From City Hall:
Faced with no primary opponent, Democratic incumbent Councilman Peter Vallone Jr. thought he would cruise to his third term in office. Vallone, who holds the same Queens seat his father held for almost three decades, had only $40,000 on hand a few weeks before election day, and decided to forego matching funds, figuring that they were a waste of taxpayer money.
But that was before Lynne Serpe, a 38-year-old environmental activist and Green Party candidate for the seat announced that she had $100,000 on hand and qualified for over $70,000 in matching funds.
“There are people in the district who have wanted resources that they haven’t gotten in 35 years,” she said. “I think people are ready for a change.”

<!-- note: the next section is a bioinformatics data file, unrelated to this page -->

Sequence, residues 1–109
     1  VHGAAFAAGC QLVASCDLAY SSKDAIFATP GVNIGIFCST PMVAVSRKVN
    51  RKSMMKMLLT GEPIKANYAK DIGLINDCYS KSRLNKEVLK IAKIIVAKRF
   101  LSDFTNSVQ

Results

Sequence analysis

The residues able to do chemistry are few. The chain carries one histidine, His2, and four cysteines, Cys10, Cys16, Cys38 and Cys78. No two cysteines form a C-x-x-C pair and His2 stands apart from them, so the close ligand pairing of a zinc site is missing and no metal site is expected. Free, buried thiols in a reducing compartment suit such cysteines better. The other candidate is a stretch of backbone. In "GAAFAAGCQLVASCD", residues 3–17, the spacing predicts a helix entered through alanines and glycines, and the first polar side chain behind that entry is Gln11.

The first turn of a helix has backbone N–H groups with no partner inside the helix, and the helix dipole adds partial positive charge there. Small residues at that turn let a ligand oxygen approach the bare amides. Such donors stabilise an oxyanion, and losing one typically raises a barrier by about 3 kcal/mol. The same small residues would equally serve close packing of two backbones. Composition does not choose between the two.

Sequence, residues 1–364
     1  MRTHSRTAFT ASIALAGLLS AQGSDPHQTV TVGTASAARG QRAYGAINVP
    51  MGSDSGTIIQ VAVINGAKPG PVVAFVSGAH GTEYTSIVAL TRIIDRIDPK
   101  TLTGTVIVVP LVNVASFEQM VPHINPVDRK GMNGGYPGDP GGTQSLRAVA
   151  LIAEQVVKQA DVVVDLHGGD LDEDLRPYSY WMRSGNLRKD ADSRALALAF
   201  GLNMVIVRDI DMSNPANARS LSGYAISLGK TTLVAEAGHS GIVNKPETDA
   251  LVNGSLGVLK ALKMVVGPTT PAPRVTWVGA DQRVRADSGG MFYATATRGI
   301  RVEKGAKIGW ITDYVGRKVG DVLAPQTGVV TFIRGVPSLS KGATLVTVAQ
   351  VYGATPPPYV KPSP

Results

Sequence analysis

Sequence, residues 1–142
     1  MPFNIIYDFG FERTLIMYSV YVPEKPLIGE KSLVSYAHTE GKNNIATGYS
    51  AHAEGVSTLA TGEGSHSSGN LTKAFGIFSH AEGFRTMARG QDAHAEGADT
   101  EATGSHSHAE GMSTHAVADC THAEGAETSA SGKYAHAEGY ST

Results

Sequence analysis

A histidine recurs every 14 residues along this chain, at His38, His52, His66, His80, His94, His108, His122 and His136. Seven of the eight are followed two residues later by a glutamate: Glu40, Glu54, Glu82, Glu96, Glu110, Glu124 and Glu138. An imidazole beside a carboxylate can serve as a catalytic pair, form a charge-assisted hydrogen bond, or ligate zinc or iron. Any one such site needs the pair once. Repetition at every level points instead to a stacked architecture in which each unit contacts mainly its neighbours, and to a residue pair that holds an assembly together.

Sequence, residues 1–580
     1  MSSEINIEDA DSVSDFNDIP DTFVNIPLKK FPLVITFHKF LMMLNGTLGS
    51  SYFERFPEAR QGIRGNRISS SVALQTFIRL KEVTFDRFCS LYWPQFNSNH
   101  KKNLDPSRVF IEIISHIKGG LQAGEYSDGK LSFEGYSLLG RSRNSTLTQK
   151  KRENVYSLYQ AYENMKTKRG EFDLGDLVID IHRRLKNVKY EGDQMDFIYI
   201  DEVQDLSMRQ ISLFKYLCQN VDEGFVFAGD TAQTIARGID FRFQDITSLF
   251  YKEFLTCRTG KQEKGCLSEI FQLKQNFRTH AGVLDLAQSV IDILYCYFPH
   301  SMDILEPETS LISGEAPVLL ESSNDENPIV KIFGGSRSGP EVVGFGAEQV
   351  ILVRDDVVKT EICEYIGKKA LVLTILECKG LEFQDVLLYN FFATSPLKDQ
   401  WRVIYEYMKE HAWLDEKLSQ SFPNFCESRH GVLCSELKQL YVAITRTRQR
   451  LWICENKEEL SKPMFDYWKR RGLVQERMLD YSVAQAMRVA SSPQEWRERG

Still, the disadvantages Serpe faces in terms of name recognition, party affiliation and incumbency are pretty huge, she admits, so her campaign has taken to some unorthodox methods to get out her message.
From Interactive Journalism:
The other morning, as I was climbing the steps to the Ditmars Boulevard train station in Astoria, I was handed a “Lynne Serpe for City Council” brochure by none other than District 22’s Green Party candidate herself, Lynne Serpe. The prospective Councilwoman was cheerily passing out brochures as barely awake commuters slogged up the stairs, most of whom were not even looking Serpe’s way.
While I had never seen a candidate passing out her own fliers, especially before 8 a.m., the kicker was where she was doing it: in front of her opponent’s office. The entrance to the Ditmars train station is right in front of the Vallone & Vallone Law Firm, whose partners and father/son tag team are former City Councilman Peter Vallone Sr. (D) and current City Councilman Peter Vallone Jr. (D). Vallone Jr. is running against Ms. Serpe (and Republican Candidate Tom Dooley).